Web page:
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ISTANBUL -- In a rare show of unity, Iran and the world's big powers on Saturday hailed their first nuclear meeting in more than a year as a key step toward further negotiations meant to ease international fears that Tehran may weaponize its nuclear program.
The one concrete reflection of progress was an agreement to meet again on May 23 in Baghdad, a venue put forward by Iran.
But huge hurdles still lie in the way of a common understanding of what Iran should do to end suspicions of its nuclear activities. Those barriers may prove insurmountable considering the differences between Tehran and the six nations trying to persuade it to compromise on its nuclear efforts.
Since revelations surfaced 10 years ago that it was secretly building a uranium enrichment program, Tehran has argued it has a right to enrichment to create reactor fuel under the Nuclear Nonproliferation Treaty, and insisted it will never use that ability to create the fissile core of a nuclear warhead.
But the U.S. and other countries accuse Iran of repeatedly violating the treaty, and Tehran continues to expand enrichment despite four sets of U.N. Security Council resolutions and other penalties imposed by the U.S., Europe and others. Adding to concerns, it now is enriching uranium to levels closer to the grade needed for nuclear weapons in an underground bunker that could be impervious to attack.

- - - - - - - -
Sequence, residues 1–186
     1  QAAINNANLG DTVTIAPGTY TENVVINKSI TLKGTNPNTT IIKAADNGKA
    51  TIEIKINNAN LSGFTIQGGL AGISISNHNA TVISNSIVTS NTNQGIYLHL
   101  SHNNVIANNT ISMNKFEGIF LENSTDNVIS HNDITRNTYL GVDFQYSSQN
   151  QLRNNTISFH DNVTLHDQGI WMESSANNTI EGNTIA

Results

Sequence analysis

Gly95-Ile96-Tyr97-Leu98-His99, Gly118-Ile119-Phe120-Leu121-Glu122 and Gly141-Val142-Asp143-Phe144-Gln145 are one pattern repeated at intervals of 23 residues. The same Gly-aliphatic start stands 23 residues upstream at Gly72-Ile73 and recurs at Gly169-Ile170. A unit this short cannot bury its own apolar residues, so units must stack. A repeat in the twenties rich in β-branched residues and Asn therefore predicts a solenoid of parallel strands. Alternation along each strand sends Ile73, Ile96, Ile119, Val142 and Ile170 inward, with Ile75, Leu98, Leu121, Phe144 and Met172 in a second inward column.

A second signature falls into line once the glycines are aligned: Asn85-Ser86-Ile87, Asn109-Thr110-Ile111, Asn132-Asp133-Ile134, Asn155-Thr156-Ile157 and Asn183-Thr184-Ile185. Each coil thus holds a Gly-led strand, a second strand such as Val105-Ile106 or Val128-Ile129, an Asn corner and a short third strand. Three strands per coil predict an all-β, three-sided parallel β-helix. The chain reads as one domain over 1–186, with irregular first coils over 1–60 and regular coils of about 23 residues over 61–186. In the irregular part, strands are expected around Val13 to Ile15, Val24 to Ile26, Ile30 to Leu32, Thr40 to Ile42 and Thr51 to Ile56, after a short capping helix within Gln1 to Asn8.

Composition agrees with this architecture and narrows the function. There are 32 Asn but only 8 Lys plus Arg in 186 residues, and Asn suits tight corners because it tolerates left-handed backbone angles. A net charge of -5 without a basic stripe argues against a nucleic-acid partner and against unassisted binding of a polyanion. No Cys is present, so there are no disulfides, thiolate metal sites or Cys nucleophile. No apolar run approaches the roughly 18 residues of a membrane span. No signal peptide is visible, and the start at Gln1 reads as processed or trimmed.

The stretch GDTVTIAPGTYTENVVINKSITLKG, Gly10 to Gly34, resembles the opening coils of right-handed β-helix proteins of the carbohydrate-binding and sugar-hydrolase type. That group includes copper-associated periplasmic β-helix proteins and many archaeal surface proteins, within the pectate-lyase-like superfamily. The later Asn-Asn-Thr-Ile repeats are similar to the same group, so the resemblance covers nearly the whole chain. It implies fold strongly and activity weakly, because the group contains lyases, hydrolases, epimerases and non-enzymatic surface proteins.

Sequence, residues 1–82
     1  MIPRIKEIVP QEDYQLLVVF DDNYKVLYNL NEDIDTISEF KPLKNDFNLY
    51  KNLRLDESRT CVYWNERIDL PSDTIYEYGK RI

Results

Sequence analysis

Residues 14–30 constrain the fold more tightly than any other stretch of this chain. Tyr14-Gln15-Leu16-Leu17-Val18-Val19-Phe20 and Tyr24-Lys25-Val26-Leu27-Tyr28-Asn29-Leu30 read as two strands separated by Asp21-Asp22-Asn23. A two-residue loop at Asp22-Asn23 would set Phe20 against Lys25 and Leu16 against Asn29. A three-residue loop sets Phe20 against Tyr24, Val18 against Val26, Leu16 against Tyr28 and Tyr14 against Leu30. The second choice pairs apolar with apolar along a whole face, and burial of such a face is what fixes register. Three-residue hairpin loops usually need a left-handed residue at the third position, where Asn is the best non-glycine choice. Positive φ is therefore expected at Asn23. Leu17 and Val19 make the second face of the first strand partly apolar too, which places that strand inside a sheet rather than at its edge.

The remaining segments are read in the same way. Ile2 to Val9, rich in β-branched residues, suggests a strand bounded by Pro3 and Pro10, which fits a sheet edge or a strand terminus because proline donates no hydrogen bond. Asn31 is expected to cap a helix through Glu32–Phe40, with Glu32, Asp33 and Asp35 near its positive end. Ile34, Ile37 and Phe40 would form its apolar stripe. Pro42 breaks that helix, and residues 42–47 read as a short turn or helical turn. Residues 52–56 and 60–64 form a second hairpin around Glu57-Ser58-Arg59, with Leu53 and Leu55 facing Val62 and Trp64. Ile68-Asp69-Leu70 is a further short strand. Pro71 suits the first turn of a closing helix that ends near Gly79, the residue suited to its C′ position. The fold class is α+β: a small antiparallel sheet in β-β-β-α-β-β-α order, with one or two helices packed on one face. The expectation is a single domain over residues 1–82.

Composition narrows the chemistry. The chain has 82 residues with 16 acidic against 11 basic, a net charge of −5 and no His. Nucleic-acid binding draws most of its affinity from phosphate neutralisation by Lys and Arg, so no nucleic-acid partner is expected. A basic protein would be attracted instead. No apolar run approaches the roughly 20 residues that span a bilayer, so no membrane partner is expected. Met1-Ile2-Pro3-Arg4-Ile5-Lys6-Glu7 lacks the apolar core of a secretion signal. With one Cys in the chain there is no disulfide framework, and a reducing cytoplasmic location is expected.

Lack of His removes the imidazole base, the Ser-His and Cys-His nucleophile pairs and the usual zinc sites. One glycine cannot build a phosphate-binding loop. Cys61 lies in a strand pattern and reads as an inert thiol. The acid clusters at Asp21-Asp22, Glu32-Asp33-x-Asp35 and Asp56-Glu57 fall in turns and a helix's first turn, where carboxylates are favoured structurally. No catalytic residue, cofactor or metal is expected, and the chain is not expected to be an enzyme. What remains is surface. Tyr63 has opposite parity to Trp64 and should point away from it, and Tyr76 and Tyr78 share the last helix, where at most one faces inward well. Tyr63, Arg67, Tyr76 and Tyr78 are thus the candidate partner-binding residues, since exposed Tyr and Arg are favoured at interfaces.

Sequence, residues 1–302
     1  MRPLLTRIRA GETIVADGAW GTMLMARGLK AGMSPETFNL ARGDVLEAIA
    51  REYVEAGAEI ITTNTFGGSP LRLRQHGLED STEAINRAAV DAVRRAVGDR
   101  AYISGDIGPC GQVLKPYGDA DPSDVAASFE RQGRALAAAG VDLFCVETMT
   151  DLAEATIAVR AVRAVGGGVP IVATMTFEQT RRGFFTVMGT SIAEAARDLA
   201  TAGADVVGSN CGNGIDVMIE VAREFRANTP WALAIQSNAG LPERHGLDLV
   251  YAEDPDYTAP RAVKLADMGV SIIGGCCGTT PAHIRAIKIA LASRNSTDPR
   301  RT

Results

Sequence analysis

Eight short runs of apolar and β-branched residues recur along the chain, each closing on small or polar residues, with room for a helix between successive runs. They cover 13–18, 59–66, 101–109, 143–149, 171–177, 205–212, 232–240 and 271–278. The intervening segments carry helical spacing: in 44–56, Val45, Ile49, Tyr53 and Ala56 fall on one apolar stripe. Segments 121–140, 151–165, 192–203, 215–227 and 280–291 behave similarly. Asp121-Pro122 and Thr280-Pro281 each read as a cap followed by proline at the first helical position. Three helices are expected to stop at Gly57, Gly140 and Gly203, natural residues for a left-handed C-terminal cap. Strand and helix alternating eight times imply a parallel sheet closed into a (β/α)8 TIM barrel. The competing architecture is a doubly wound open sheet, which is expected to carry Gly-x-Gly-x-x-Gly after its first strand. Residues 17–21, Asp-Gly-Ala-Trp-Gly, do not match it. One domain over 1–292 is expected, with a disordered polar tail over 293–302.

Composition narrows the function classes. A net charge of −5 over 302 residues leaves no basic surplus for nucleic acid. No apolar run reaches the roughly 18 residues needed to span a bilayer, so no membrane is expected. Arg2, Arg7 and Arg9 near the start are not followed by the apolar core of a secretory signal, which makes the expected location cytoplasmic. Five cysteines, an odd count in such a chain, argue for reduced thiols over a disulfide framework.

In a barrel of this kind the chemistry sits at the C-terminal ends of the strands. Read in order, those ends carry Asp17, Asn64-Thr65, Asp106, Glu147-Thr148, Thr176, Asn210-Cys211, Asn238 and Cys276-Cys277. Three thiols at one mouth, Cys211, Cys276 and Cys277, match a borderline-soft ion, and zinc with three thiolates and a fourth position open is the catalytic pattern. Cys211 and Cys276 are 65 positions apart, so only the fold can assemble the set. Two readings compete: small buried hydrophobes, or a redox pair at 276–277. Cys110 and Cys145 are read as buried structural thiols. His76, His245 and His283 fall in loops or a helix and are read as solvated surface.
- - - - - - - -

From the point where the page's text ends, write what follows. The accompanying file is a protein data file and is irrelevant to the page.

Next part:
The talks in Istanbul on Saturday saw the U.S., Russia, China, Britain, France and Germany sitting at the same table with Iran. Knowing the road ahead is tough, both sides focused on what they said was the positive tone of the talks, in contrast to the previous round 14 months ago.
That last session broke up with no progress after Iranian negotiators refused to even consider discussing enrichment.
Turkey's Foreign Minister Ahmet Davutoglu, right, and Iran's Chief Nuclear Negotiator Saeed Jalili arrive for the meeting in Istanbul, Turkey.
EU foreign policy chief Catherine Ashton, who formally led the talks on behalf of the six powers, called the meeting "constructive and useful."
She expressed the hope they will lead to "a sustained process of serious dialogue, where we can take urgent practical steps to build confidence and lead on to compliance by Iran with all its international obligations."
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